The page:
People over 50 have a higher chance of remaining out of work after losing a job than younger people, Business in the Community (BITC) research has suggested.
The report, The Missing Million: Pathways back into employment, found that 30.5% of people aged between 50 and 64 who lost their jobs found work again, compared to 38.1% of those aged 16 to 29.
Using data from the Labour Force Survey – a quarterly survey of private households – BITC found that the majority of people aged 50 to 64 had no change in economic activity over a three-month period, but around half a million (4.5%) did change their labour market status. Of these, 44.3% left the labour market, either because they lost their job and did not start looking for another one, or because they had been job searching and gave up.
A quarter (25.2%) became unemployed. Age discrimination was cited as a barrier to finding work, and people aged 50 to 69 who had experienced discrimination said they felt their age was the main reason for being treated differently by employers.
The research also found that older people are more likely to use official support such as Job Centres to find work, with 16.3% of those aged 50 to 64 finding a place on a government employment or training scheme, compared to 12.7% of those aged 30 to 49.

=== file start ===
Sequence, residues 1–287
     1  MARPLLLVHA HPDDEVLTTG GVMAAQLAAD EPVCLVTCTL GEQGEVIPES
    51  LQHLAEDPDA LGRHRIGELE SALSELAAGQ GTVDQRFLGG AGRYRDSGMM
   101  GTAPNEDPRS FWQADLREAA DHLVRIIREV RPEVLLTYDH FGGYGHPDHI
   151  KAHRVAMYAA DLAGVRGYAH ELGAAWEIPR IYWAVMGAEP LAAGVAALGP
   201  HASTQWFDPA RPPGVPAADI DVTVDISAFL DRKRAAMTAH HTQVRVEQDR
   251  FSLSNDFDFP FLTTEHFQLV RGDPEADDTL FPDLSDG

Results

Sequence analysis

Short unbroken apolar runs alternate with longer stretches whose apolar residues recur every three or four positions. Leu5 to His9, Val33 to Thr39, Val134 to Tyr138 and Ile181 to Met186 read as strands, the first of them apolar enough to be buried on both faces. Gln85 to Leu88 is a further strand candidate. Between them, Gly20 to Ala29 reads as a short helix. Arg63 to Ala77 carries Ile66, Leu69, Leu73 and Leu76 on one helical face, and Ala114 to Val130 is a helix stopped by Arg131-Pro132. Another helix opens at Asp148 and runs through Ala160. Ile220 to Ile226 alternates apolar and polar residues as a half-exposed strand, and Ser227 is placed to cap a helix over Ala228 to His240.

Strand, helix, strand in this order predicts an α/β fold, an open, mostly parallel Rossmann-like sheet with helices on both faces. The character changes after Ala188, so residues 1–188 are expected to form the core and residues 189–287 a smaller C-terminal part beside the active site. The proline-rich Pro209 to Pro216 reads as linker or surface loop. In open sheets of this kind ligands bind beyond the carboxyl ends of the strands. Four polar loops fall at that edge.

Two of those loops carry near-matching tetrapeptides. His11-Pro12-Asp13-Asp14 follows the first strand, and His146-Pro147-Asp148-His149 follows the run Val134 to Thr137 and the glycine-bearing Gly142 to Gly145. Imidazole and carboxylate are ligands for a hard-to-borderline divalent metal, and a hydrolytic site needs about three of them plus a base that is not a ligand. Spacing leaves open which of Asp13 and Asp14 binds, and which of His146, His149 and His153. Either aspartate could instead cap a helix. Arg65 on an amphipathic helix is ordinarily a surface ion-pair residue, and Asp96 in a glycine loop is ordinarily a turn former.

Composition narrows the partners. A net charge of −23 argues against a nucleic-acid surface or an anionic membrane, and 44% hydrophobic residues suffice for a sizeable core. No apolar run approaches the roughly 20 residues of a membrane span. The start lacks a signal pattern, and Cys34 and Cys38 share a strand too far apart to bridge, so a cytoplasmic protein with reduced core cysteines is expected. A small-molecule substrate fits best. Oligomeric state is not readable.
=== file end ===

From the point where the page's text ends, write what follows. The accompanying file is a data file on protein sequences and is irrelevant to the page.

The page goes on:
However, there were no differences in job search method for those who found work after being unemployed, implying that Job Centres may play a role in discouraging older people from looking for work, according to the report.
More positively, older people are more likely to start their own business after losing their jobs (33% compared to 8.6% of those aged 16 to 29).
BITC director of age and intergenerational workplaces Rachael Saunders said the research clearly shows that those over 50 and out of work are less likely to get back into employment. She added this is a “sorry state of affairs” and that “urgent action is needed” to reverse the situation.
“Not only are hard-working and highly skilled over-50s workers unfairly punished, but we as a country also lose out,” she said. BITC compiled the report using data from the Labour Force Survey, the English Longitudinal Study of Ageing and online focus groups. –
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